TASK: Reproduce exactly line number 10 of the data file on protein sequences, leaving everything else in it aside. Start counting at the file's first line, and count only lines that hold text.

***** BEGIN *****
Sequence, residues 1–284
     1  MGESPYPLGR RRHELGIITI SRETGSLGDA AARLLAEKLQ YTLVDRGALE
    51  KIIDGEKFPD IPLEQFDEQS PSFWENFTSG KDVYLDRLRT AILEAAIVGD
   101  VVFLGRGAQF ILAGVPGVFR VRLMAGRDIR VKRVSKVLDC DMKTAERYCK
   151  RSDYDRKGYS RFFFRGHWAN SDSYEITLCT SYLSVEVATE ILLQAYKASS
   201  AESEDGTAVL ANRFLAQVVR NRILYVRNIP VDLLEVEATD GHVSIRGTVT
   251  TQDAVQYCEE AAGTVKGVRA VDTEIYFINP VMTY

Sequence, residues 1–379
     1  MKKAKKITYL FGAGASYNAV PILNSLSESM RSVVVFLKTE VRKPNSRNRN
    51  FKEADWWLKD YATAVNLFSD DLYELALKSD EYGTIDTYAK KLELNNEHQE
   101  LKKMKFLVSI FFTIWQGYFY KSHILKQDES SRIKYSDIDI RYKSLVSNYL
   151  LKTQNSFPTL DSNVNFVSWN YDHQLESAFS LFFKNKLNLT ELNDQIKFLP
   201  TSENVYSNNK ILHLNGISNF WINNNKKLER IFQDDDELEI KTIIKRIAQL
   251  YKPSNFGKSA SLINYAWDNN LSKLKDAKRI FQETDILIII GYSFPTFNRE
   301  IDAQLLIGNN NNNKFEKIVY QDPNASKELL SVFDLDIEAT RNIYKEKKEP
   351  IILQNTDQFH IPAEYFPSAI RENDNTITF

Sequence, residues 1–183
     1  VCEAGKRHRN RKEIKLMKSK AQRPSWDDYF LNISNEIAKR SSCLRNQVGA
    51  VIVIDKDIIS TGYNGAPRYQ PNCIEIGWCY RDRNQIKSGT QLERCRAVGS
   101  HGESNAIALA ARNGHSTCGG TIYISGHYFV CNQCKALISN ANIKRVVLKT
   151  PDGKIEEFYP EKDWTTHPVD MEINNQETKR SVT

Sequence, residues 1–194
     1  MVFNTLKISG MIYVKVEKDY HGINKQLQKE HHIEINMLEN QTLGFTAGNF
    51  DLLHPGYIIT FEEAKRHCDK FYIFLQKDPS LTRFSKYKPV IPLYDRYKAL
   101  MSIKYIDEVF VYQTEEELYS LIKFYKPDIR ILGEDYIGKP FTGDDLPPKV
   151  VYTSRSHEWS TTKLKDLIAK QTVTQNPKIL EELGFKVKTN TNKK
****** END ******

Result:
    51  FKEADWWLKD YATAVNLFSD DLYELALKSD EYGTIDTYAK KLELNNEHQE